The black-collared hawk (Busarellus nigricollis) is a species of bird of prey in the Accipitridae family. It is monotypic within the genus Busarellus. It is found in Argentina, Belize, Bolivia, Brazil, Colombia, Costa Rica, Ecuador, El Salvador, French Guiana, Guatemala, Guyana, Honduras, Mexico, Nicaragua, Panama, Paraguay, Peru, Suriname, Trinidad and Tobago, Uruguay, and Venezuela. Its natural habitats are subtropical or tropical moist lowland forests, subtropical or tropical swamps, and swamps.
The adult black-collared hawk has a more or less white head, tinged with buff, and with black shaft streaks on the crown. The body, above and below, and the mantle are bright cinnamon-rufous, paler on the chest. There is a black crescent on the upper breast. The back has scattered black shaft stripes; the flight and tail feathers are black with the base of the tail barred with rufous. The eyes are bright reddish brown, the cere and bill black, and the legs bluish white. Immatures are similar, but blotched with black, including on the crown, and the rufous barring on the tail is more extensive. The pale area on the chest is also more clearly marked. The upper surface of the wings is barred, and the eyes are brown.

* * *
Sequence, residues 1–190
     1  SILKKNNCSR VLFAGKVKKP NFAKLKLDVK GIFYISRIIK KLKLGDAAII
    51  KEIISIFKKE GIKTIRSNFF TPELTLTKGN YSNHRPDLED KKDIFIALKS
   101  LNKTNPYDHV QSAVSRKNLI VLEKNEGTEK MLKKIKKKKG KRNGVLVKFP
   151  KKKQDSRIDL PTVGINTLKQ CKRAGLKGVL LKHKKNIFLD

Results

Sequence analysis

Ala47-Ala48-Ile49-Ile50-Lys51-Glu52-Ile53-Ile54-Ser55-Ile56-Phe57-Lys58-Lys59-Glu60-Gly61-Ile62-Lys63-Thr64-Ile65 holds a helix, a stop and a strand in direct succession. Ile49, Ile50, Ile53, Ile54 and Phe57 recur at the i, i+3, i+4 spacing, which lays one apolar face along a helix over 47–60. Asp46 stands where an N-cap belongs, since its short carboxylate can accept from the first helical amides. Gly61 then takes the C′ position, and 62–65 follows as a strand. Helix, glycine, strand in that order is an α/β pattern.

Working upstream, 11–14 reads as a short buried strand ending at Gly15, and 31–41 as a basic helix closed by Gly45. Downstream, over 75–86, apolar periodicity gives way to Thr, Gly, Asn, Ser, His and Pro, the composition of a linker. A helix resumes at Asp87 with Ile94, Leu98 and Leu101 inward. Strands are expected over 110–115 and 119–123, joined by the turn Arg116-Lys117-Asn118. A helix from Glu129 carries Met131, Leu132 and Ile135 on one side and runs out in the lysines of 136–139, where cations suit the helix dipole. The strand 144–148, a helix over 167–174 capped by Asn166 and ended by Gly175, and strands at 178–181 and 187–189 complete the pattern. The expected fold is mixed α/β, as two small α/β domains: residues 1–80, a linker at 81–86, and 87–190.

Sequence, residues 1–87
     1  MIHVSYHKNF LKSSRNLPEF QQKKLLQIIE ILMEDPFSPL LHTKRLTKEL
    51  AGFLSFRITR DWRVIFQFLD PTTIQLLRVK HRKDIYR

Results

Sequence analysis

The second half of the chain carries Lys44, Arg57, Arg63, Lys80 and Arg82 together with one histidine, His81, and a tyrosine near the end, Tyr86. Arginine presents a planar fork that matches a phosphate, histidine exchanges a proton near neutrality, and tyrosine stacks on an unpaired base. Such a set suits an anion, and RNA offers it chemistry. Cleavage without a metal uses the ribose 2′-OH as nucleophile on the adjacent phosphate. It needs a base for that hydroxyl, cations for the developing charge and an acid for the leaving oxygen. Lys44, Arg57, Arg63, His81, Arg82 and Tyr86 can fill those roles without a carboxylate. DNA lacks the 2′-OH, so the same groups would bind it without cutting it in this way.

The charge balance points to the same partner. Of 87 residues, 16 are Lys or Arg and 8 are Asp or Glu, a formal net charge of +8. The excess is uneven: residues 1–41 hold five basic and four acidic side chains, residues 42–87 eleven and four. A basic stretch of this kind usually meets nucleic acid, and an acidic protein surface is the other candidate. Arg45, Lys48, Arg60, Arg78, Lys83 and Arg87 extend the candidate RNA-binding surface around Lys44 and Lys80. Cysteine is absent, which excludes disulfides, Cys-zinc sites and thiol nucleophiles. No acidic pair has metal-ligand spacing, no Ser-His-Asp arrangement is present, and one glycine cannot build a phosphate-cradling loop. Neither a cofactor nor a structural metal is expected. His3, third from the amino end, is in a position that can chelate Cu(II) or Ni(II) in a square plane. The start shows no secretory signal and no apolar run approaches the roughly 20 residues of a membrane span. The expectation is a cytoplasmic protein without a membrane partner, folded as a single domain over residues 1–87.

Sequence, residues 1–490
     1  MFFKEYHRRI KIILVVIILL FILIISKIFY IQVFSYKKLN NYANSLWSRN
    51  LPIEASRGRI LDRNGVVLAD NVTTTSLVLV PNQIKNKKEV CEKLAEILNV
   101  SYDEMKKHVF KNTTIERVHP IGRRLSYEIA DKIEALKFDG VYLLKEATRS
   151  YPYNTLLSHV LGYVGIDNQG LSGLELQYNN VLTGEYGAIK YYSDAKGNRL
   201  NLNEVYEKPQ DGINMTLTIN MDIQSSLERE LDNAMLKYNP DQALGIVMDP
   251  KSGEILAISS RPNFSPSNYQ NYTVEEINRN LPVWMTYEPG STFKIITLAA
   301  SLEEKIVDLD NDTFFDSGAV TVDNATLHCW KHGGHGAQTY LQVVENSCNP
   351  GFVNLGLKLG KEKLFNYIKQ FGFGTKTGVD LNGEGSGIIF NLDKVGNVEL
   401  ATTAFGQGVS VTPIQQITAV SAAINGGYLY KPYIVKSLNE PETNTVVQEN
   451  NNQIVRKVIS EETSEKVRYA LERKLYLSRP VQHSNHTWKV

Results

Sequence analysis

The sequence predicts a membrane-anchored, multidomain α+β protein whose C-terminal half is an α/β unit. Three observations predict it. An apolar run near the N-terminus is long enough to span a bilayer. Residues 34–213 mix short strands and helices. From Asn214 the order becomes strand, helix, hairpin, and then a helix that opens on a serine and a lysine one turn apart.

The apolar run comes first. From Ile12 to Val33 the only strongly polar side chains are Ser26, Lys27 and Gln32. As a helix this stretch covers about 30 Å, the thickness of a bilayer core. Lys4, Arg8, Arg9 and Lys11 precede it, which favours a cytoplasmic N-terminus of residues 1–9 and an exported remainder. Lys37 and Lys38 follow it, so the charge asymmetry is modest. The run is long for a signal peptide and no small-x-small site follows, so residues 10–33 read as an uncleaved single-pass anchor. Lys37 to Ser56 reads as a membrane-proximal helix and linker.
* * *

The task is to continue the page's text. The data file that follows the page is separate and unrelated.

The nest is usually placed in a large tree, frequently near water, but sometimes in shade trees in coffee plantations or suburban areas. The nest is lined with green leaves. The female lays three to five eggs, dull white, spotted with pale yellow-brown or red-brown and a few darker freckles. There is no further information on its reproduction.
The black-collared hawk lives on a diet mainly composed of fish. It also eats water bugs and occasionally lizards, snails and rodents.
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